On 20 May 2022, a report on the extent of the damage to the Parliament building will be released. The Department would then be able to allocate the necessary funds to the maintenance and upkeep of the building. It was Parliament’s ultimate decision on how to spend the money.

She addressed issues on the immovable asset register. In 2019, an advisory committee made recommendations on land reforms in general. Government had accepted 85% of these recommendations. Provinces and municipalities had their registers. The DPWI released a lot of land from the municipalities for settlement. Some municipalities had used well-located land to either lease out or use the land themselves. Thus, the allocated land was not being used for its intended purposes. The DPWI had provided a list of state-owned entities, land, and properties. The DPWI needed to work with other departments to succeed in land reform.

She asked the Committee for help with regard to the issue of underspending. The DPWI wanted to reprioritise the money and put it into existing priorities. The Department had approached National Treasury for advice and would like advice from the Committee.

Mr Alec Moemi, Acting Director-General, DPWI, further addressed questions. He confirmed that there was a process underway to fill all the vacancies within the Department. There was an intervention meeting to address this issue. A report would be submitted by 20 May 2022, which included a detailed plan and the timeline by which the process would be finalized.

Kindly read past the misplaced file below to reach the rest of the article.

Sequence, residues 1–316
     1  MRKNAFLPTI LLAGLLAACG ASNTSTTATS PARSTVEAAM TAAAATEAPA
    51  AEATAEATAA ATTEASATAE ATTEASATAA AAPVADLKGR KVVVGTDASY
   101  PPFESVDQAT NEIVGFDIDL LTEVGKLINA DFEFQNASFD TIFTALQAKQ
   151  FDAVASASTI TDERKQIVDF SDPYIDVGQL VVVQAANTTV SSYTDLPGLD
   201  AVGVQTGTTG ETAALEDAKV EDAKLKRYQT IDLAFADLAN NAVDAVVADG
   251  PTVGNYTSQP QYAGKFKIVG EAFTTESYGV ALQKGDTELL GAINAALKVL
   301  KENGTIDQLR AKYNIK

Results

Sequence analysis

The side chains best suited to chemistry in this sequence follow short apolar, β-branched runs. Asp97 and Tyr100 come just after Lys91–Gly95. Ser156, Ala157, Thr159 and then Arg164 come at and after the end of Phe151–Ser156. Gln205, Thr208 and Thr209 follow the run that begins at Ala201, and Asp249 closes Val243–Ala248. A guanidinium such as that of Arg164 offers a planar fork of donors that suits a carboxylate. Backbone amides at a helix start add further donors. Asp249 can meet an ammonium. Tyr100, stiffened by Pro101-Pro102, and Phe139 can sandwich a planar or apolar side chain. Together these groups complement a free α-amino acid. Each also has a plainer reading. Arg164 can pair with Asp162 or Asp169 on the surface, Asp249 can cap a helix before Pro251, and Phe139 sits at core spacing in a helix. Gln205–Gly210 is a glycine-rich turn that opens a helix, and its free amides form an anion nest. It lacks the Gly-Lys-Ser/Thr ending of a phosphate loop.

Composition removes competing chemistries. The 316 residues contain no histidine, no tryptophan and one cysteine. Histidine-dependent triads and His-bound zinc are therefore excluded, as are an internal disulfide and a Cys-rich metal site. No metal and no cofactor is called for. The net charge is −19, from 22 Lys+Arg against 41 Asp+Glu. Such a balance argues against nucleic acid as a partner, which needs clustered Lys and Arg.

The Department was aware of the backlog in terms of maintenance. Processes were still being put in place to address these issues. The Department had extended the amount that departments could spend on simple maintenance issues from R100 to R1 million. This would be reviewed in the new financial year.

 He addressed the questions about public procurement. There were standardized features embedded in their policy around localization and the property sector. The more BBBEE compliant they were within the property sector, the longer the lease period the Department was able to negotiate when sourcing the building. The Department used these leverages to encourage transformation in the property and empowerment policy. The figure of R2.7 billion was leveraged and utilised to ensure that the Department can achieve empowerment objectives.

One of the critical issues raised was the anecdote of the Minister who stayed next to a rat-invested house. He provided the status of the latest reports. The policy had a total of about 68 places, including the 27 homes located inside Bryanston Estate, 38 houses around the Waterkloof Ridge area in Tshwane, and three more houses in Johannesburg; 11 houses were being utilised by the Presidency Support Staff, and seven houses that were being used by the VIP protection.